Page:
A Spoilt Little Rich Country


A Spoilt Little Rich Country.

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“A spoilt little rich country, a nation of whingers- that’s us.”

That was veteran financial reporter Michael Pascoe’s opening line for a brochure promoting property developer Lend Lease’s latest land subdivision in Melbourne’s West.

This marketing brochure goes on to highlight that we’ve been “ spoilt by two decades of unbroken growth and that we have the best performing economy in the developed world.

One which is heading into its third decade of unbroken growth- something we should be celebrating instead of complaining about. Australians have lost perspective about their good fortune and prospects.”
So why aren’t Australians buying it !

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A generation of Australians have known nothing but Economic Good Times.

John Howard’s ‘We’ve never had it this good’ resonates today as it did for most of his tenure. During these last two decades of uninterrupted growth, a large proportion of those under forty would struggle to remember the nasty offshoots which recessions spawn, double digit unemployment rates , depressed property markets, and an all pervasive pessimism. And for anyone under 30, recessions are what happen in other countries- they’re Un Australian.

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I recently met a young Japanese graduate about to start his first job back in Tokyo.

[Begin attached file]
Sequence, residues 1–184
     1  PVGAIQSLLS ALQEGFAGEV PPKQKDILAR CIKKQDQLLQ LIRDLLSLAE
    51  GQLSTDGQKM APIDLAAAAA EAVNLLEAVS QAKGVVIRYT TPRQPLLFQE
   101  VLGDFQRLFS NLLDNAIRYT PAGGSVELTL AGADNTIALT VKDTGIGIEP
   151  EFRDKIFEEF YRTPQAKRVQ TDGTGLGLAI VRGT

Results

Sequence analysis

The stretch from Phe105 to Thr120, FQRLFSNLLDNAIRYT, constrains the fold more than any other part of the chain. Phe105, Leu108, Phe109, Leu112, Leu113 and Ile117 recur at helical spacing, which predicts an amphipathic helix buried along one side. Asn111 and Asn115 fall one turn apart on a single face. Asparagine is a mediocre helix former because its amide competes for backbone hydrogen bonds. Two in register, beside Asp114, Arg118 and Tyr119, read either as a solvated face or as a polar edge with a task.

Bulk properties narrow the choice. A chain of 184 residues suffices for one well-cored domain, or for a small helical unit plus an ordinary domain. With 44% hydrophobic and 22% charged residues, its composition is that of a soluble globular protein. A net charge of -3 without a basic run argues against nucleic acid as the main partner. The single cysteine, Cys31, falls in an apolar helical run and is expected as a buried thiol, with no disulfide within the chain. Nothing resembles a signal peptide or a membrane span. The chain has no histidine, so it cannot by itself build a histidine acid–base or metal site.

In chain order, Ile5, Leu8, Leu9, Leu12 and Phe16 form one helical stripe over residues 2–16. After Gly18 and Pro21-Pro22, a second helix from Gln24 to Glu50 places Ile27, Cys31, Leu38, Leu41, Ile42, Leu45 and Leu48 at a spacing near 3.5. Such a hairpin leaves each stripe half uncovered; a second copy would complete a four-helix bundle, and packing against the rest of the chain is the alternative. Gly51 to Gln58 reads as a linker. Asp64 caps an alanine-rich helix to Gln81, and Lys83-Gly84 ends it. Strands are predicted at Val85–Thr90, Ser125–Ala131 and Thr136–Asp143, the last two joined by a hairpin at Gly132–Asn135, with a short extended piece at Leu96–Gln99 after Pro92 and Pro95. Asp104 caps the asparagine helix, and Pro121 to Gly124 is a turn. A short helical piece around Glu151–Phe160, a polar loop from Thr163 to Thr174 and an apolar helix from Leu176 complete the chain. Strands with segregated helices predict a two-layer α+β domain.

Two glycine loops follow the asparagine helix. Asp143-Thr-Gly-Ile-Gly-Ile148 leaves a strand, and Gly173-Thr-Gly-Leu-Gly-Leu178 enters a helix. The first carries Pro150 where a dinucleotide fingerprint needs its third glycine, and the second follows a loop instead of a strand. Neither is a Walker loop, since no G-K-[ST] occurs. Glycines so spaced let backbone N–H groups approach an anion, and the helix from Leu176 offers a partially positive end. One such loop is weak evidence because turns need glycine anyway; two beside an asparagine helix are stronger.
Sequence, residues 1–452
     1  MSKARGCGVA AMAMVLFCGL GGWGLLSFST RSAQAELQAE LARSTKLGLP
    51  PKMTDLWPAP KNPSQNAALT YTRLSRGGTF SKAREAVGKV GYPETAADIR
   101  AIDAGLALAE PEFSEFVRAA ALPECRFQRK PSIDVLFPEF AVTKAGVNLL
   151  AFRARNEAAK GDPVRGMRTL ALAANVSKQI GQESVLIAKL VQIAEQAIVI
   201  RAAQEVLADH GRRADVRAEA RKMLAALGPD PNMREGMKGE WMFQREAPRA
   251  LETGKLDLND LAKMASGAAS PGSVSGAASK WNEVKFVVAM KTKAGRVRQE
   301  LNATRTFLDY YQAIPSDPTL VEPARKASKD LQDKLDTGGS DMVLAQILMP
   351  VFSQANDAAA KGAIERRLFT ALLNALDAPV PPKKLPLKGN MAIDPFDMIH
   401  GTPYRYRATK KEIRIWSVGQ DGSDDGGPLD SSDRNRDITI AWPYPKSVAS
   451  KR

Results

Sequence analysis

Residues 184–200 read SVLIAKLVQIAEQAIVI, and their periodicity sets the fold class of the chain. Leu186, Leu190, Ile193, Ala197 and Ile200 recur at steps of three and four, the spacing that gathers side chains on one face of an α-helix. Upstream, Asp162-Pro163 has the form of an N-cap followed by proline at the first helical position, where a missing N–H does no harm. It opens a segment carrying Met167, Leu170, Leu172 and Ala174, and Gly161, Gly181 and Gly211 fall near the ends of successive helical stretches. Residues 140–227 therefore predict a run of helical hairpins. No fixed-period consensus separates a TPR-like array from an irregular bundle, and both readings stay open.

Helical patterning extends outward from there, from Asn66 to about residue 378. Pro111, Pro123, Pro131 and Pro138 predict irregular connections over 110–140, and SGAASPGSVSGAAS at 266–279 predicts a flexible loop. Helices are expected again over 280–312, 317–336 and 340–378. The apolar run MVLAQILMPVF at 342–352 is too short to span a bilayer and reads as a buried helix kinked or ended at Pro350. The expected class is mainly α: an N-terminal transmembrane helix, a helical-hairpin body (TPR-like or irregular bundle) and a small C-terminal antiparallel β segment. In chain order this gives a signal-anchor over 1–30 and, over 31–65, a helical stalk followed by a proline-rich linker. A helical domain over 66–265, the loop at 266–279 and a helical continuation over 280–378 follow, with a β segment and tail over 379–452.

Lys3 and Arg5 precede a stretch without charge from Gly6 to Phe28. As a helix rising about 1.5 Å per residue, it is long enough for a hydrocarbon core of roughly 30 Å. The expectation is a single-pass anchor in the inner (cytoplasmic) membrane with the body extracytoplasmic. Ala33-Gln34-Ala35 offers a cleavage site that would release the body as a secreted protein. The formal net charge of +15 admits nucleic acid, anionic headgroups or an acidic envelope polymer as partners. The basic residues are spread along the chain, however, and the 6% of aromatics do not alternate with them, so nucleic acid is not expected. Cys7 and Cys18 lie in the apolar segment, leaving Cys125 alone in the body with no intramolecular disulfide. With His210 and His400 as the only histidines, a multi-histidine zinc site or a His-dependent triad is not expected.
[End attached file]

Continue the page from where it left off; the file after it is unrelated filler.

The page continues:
He told me how he felt very fortunate to have secured a job with a construction company as the employment prospects for many graduates in Japan were fairly dire.

“My generation are very pessimistic about the future. Ever since we can remember our country‘s economy has been in recession.”

Unlike their parent’s generation who lived through the heady 1980s when Japan’s economy was the envy of the developed world [ heard that one before ].

Profligacy to Parsimony in one generation…….While the children of the 80s Generation maybe a pessimistic lot, their parents had a ball pissing it away during those heady times. A time when Corporate Japan was expanding exponentially- this time brandishing Yens not Samurai Swords. And its salary men would regularly clock up entertainment bills totalling thousands of dollars for a night of Corporate Entertainment.

I know a couple of Australian women who worked as hostesse
s in Tokyo bars during those heady times. They spoke of an omnipresent optimism, unconstrained by fiscal shackles or accountability. Corporate Japan was indulging in a Global Shopping Spree [ not too dissimilar to what Corporate China in partnership with its Government is currently engaged in].

By all accounts the off spring of those former corporate raiders are ‘penny pinchers’ in comparison to their father’s former largesse and spendthrift ways.

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The contrast in their drinking habits highlights a profound generational change. Paying inflated bar prices, enjoying the company of blonde- Caucasian hostesses by their side was the norm in the culture of entertaining business associates. The average Japanese salar